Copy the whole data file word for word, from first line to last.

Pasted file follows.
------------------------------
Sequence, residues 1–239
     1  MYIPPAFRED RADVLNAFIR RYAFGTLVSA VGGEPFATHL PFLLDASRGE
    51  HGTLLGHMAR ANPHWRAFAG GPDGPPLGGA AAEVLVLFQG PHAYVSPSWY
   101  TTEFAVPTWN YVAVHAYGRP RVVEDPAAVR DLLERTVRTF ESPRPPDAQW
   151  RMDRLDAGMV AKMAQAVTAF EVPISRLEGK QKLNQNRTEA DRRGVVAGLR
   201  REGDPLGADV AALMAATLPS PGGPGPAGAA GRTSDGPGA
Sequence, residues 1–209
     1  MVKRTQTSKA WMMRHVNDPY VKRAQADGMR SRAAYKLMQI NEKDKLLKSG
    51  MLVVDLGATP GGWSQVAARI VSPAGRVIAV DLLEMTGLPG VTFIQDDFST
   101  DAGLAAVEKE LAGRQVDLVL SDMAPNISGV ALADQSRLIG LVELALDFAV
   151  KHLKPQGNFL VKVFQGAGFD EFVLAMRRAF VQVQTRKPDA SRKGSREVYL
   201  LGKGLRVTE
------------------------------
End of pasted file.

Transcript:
Sequence, residues 1–239
     1  MYIPPAFRED RADVLNAFIR RYAFGTLVSA VGGEPFATHL PFLLDASRGE
    51  HGTLLGHMAR ANPHWRAFAG GPDGPPLGGA AAEVLVLFQG PHAYVSPSWY
   101  TTEFAVPTWN YVAVHAYGRP RVVEDPAAVR DLLERTVRTF ESPRPPDAQW
   151  RMDRLDAGMV AKMAQAVTAF EVPISRLEGK QKLNQNRTEA DRRGVVAGLR
   201  REGDPLGADV AALMAATLPS PGGPGPAGAA GRTSDGPGA
Sequence, residues 1–209
     1  MVKRTQTSKA WMMRHVNDPY VKRAQADGMR SRAAYKLMQI NEKDKLLKSG
    51  MLVVDLGATP GGWSQVAARI VSPAGRVIAV DLLEMTGLPG VTFIQDDFST
   101  DAGLAAVEKE LAGRQVDLVL SDMAPNISGV ALADQSRLIG LVELALDFAV
   151  KHLKPQGNFL VKVFQGAGFD EFVLAMRRAF VQVQTRKPDA SRKGSREVYL
   201  LGKGLRVTE